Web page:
To determine the pluripotency of TrES1, in vitro differentiation to neural cells was performed. A step-wise differentiation protocol was used in this study while immunostaining was performed at different stages to confirm successful differentiation . The expression of nestin was observed at N2 stage when selective expansion of neural progenitor cells (NPCs) occurred (Figure 3). In general, one week induction for neuronal maturation was suggested at N3 stage (N3-1w). In order to mimic mature neurons in adult brains that are primarily maintained at a post-mitotic stage, we have extended N3 culture to four weeks (N3-4w) to determine if extended culture impacted the mutant htt associated phenotype. Glial fibrillary acidic protein (GFAP), a glial cell marker and neural specific βIII tubulin, was detected by immunostaining at both N3-1w and N3-4w stages (Figure 3), which suggested TrES1 was capable of differentiating to mature neuronal cell types. Although the expression of mutant htt does not seem to affect neural differentiation of TrES1, potential effects of mutant htt on differentiation toward specific neuronal or peripheral cell types cannot be excluded and further investigation is necessary. Furthermore, the expression of GFP was observed at all stages (Figure 3).
Expression of mutant htt in TrES1 derived neuronal differentiation
To determine if the expression of mutant htt and the development of HD specific cellular pathology are related to the course of neural development, the expression patterns of mutant htt, the accumulation of mutant htt aggregate, the presence of oligomeric mutant htt and the formation of NIs were examined by quantitative real time PCR (Q-PCR), Western blot, immunostaining and cell count at various stages during in vitro development.
Q-PCR analysis revealed similar expression levels of mutant htt in undifferentiated TrES1 and YRES4 (WT-monkey ES cells) at different differentiation stages (Figure 4A). A significant increase in the expression of mutant htt was observed in TrES1 at N2, N3-1w and N3-4w when compared to undifferentiated TrES1 and YRES4 at respected stages (Figure 4A). However, no difference was observed in TrES1 at N2, N3-1w and N3-4w (Figure 4A). The same batch of cell samples was then used for Western blot analysis. Oligomeric mutant htt was revealed in TrES1 at N2, N3-1w and N3-4w stages but not in undifferentiated TrES1 and YRES4 at any stages (Figure 4B). Furthermore, the extent of oligomeric mutant htt was gradually enhanced as TrES1 progressed during in vitro neuronal differentiation (Figure 4B). While the accumulation of oligomeric mutant htt increased in differentiating TrES1, oligomeric mutant htt was substantially increased in N3-4w compared to N3-1w (Figure 4B). This result suggests the possible impact of neural development on HD pathogenesis.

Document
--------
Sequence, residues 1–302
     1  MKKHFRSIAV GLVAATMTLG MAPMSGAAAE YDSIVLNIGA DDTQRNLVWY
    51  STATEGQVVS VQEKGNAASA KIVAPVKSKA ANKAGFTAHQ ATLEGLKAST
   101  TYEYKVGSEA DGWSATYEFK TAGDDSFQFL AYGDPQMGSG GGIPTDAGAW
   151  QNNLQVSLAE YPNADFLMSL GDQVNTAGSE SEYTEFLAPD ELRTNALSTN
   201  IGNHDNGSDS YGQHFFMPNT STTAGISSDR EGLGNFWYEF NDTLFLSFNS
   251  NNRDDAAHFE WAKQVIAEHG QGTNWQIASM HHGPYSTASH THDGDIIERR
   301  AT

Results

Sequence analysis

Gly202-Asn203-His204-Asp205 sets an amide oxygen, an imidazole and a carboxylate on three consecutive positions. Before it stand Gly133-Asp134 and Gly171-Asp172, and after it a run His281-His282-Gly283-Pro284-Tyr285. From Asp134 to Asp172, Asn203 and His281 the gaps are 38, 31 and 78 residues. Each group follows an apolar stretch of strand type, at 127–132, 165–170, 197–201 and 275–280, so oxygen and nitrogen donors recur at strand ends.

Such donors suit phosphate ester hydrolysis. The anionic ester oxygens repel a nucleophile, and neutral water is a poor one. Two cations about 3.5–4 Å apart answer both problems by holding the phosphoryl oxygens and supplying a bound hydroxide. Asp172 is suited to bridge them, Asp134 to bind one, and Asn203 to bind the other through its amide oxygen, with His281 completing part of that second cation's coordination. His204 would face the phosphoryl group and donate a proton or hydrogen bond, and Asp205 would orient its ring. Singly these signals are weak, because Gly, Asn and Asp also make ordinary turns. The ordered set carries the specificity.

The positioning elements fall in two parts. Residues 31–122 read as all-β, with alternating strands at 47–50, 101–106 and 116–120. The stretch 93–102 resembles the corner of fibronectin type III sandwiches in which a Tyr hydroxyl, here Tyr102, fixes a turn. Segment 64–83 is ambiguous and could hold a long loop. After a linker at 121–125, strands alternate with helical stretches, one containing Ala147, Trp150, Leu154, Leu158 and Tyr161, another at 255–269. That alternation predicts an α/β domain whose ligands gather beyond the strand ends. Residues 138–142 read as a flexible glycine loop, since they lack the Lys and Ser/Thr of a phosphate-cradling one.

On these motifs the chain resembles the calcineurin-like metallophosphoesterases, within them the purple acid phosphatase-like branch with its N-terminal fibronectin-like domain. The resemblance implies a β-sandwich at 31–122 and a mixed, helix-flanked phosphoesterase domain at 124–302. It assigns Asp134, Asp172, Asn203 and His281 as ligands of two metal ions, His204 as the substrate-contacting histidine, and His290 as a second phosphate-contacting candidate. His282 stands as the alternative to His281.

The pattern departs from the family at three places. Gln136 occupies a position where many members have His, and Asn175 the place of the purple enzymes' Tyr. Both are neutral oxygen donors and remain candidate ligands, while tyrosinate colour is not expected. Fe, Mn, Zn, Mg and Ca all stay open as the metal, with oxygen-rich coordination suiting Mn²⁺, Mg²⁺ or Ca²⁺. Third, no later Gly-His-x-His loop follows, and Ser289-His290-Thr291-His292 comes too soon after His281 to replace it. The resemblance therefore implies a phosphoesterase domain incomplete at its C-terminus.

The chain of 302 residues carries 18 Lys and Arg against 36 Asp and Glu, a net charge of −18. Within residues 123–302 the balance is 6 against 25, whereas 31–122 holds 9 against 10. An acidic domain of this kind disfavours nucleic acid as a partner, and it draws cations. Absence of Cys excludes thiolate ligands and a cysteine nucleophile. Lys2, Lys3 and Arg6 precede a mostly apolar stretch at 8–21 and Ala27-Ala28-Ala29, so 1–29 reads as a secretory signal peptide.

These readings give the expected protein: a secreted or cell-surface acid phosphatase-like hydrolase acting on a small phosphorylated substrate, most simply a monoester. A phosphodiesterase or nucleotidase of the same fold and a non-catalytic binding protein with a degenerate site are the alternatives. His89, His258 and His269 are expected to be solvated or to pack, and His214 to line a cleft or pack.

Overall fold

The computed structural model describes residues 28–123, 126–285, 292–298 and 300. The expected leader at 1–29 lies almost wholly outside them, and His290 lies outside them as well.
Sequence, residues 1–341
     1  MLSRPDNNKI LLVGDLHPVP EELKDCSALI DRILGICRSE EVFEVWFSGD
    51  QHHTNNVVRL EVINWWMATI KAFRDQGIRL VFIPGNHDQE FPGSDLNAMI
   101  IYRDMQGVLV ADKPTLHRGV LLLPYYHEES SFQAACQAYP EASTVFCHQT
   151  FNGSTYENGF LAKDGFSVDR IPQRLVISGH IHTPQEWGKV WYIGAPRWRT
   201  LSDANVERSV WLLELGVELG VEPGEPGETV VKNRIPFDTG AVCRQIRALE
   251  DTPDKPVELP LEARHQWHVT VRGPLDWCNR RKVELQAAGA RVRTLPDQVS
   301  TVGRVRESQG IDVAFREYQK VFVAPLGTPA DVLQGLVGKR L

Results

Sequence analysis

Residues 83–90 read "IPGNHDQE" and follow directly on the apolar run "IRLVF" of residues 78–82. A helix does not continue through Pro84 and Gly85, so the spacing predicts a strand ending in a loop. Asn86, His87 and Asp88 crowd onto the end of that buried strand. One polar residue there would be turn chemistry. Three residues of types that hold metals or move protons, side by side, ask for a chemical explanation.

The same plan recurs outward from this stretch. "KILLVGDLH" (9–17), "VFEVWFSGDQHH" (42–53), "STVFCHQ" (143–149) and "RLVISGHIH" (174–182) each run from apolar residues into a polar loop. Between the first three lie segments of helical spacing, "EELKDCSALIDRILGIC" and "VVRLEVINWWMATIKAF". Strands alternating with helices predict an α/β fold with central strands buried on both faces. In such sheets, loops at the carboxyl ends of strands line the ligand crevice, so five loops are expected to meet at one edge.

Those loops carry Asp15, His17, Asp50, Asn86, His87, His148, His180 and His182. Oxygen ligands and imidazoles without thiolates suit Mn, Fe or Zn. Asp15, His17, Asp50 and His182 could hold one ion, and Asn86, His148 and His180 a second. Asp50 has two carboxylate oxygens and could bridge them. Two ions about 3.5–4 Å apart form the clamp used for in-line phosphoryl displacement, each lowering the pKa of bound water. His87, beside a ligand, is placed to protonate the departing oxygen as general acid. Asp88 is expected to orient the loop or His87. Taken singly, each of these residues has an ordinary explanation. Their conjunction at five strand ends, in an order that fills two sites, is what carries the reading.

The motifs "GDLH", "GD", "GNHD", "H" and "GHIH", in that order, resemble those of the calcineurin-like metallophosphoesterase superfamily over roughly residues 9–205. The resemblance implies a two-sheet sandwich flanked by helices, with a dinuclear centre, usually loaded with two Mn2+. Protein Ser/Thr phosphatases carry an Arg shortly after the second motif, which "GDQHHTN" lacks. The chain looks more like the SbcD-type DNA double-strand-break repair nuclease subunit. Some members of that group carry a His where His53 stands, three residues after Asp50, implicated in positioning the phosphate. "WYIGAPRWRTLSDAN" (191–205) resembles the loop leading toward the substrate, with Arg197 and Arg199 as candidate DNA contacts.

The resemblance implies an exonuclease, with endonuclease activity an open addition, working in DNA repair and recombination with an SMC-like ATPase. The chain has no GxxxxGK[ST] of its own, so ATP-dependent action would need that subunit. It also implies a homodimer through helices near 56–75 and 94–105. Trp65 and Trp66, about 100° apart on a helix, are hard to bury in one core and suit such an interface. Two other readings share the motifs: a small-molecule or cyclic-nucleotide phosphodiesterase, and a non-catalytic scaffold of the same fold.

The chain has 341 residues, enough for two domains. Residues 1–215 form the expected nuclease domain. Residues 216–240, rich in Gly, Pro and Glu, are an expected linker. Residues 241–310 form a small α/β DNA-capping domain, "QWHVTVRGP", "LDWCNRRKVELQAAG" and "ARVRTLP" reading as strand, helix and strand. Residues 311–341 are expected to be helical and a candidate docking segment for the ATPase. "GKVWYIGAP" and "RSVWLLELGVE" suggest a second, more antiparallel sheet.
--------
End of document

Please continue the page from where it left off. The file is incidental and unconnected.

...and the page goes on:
In order to determine the impact of mutant htt and the extent of cellular pathology during the course of neural development, undifferentiated TrES1, TrES1 at N2, N3-1w and N3-4w were immunostained with mEM48. Cells developing mutant htt aggregates and containing NIs were identified and counted. While the expression of mutant htt was not detected in undifferentiated TrES1 by immunostaining, the number of mEM48+ cells was significantly higher in N3-4w (32.2%; 132 ± 42.5; n = 1484) > N3-1wk (8.4%; 30.3 ± 19.4; n = 1078) > N2 (0.26%; 2 ± 0; n = 1271) (Figure 4C). The mEM48+ cells were then grouped as cells that form nuclear aggregate, cells with nuclear aggregate and contained one-to-five, six-to-10, and more than 10 NIs (Figure 4D). The number of TrES1 with nuclear aggregate and developing one to five pieces of NIs was significantly increased in N3-4w compared to N3-1w and N2. This finding was consistent with the Q-PCR and Western blot analysis, which suggested the expression of mutant htt was not different between N2, N3-1w and N3-4w, but the accumulation of oligomeric mutant htt increased as TrES1 continued neuronal differentiation in vitro and extended culture.
In vivo differentiation of TrES1 in the striatum of SCID mice
To determine the pluripotency of TrES1 in vivo, undifferentiated TrES1 and TrES1 at the N2 stage (presumably NPCs) were implanted into the striatum of the contralateral hemisphere of severely compromised immune deficient (SCID) mice. At four-to-10 weeks post-implantation, animals were euthanized and their brains were recovered for morphological analysis (Figure 5) and an immunohistochemistry study using different antibodies to determine neural differentiation (Figure 6) and the expression of mutant htt (Figure 5B).